Den Hoorn, North Holland
The town centre (dark green) and the statistical district (light green) of Den Hoorn in the municipality of Texel.
In 2001, the town of Den Hoorn had 443 inhabitants. The built-up area of the town was 0.15 km², and contained 214 residences. The statistical area "Den Hoorn", which also can include the peripheral parts of the village, as well as the surrounding countryside, has a population of around 470.
A prominent feature outside the modern core of the village is the white (Dutch reformed) church, built in the fifteenth century to replace a wooden chapel demolished in 1409. The new church was ready in 1425 and 25 years later received a tower which would later also serve as a beacon. The three signal beacons for shipping were replaced only in 2008 by a modern tri-colour signalling device featuring oscillating green light on one side, an oscillating red light on the other side and a white light in the middle.
Parts of the church were rebuilt in the seventeenth century. The church bells date from the fifteenth century, but during the Second World War, with the country under occupation, the order was received to remove the bells and convey them, along with the bells from more than 200 other Dutch clock towers, to Germany. The bells were duly demounted from the tower and shipped along the coast towards Germany. However, near Urk the ship sank and after the war the bells from Den Hoorn were salvaged and returned to the tower.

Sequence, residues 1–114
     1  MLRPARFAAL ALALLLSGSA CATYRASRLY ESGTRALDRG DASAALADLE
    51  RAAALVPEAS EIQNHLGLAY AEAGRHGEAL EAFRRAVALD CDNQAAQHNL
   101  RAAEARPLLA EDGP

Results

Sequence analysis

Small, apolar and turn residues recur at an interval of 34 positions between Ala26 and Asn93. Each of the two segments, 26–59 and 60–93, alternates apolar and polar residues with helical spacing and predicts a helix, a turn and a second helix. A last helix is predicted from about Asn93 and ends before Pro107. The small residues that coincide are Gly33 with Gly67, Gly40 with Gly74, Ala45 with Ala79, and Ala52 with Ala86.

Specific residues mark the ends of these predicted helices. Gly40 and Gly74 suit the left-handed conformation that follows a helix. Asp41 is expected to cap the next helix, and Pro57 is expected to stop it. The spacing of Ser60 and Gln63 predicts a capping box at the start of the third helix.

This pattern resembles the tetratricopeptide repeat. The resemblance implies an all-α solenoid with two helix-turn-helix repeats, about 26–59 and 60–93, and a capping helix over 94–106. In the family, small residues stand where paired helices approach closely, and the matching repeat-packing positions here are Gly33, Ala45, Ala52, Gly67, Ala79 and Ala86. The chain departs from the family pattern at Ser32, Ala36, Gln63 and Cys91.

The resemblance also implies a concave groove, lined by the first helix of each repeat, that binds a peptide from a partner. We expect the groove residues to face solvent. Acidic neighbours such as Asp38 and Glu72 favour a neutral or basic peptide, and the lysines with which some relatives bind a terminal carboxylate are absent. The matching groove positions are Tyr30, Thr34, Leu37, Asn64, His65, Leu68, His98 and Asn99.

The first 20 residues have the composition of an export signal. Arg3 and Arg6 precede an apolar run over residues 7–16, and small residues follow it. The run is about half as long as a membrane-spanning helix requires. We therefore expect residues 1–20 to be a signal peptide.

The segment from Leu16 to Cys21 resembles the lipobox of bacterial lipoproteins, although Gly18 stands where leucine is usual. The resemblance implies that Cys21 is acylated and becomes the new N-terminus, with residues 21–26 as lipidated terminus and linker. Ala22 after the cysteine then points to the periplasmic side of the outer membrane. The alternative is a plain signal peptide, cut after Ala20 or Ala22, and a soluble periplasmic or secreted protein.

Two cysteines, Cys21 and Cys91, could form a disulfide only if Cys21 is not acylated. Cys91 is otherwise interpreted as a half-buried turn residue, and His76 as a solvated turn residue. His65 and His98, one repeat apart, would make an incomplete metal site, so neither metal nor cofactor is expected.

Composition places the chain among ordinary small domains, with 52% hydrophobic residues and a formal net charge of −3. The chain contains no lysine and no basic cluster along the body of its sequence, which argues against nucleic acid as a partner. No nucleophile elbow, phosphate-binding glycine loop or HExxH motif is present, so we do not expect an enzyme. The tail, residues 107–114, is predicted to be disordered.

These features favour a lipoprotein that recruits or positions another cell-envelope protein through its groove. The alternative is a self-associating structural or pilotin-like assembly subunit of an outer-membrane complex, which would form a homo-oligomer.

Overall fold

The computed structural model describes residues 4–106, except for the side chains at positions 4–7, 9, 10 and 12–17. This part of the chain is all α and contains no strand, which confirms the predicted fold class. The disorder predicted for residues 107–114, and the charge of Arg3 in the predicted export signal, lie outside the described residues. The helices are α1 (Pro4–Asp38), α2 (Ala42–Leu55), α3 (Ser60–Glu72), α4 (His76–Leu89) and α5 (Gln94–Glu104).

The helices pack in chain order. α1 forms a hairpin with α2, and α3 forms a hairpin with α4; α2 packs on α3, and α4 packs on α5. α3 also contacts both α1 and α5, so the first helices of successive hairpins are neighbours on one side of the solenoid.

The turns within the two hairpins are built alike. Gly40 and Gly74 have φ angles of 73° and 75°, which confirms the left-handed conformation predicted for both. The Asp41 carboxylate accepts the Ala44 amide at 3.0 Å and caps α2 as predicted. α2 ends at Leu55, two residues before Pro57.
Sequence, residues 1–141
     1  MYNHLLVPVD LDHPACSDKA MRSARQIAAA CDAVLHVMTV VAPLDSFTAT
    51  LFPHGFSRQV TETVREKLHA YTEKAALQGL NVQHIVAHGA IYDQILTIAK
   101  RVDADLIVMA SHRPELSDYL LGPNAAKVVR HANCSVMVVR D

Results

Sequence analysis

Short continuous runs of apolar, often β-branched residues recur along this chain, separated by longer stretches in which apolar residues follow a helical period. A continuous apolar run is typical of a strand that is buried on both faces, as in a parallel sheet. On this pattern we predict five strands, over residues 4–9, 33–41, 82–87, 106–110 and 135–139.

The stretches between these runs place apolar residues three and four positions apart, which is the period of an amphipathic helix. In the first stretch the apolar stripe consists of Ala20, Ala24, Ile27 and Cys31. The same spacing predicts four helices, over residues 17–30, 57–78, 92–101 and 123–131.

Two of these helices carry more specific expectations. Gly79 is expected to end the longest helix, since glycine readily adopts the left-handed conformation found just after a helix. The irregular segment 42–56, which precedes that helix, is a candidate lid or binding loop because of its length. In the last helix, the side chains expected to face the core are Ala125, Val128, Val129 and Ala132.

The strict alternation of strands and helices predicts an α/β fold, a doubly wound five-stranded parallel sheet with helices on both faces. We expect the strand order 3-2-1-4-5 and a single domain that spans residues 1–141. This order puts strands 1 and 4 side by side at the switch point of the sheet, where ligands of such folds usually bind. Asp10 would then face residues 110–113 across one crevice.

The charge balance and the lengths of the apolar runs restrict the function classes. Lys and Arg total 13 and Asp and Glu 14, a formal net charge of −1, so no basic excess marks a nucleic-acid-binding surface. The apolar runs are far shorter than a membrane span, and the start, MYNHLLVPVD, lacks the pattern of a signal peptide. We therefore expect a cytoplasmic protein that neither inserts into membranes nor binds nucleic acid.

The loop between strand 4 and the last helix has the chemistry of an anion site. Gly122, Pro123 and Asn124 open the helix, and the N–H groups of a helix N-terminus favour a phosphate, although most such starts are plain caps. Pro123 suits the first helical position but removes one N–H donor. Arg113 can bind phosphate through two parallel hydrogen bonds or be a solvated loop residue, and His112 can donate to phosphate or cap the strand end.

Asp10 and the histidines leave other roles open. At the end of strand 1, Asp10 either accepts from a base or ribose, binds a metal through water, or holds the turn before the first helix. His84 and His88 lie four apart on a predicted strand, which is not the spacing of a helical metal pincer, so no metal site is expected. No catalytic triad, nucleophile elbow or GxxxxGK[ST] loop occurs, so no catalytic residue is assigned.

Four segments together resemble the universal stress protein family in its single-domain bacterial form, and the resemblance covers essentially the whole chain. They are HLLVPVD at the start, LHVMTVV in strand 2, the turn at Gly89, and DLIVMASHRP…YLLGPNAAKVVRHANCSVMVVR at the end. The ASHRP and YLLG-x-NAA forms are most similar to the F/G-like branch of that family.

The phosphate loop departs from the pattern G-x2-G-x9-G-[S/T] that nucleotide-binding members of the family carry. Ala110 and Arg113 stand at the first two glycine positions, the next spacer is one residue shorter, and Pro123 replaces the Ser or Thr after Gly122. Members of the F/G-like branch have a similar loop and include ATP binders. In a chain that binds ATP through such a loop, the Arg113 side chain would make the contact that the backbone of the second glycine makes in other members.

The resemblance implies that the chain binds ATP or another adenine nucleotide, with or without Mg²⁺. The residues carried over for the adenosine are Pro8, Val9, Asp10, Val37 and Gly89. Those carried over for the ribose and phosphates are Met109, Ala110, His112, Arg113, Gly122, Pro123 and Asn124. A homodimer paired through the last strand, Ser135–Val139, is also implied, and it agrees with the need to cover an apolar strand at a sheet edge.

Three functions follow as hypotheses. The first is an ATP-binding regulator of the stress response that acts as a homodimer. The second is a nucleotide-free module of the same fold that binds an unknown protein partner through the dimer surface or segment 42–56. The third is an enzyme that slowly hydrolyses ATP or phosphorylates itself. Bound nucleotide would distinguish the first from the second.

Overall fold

The location of the church outside the built up part of the village is striking. In the past Den Hoorn was much larger and the church was surrounded by buildings, but major reductions in shipping transport led to many houses in the village being abandoned and subsequently destroyed, leaving the church looking isolated.
Since 1962 boats to Texel have docked at 't Horntje, very close to Den Hoorn which is near the southern tip of the island. Den Hoorn is also home to two national institutes. These are the Royal Dutch Institute for Maritime Research (Nederlands Instituut voor Zeeonderzoek / NIOZ) and a short distance away Alterra, previously and more instructively known as the Institute for Woodland and Rural Environment Research (het Instituut voor Bos- en Natuuronderzoek / IBAN)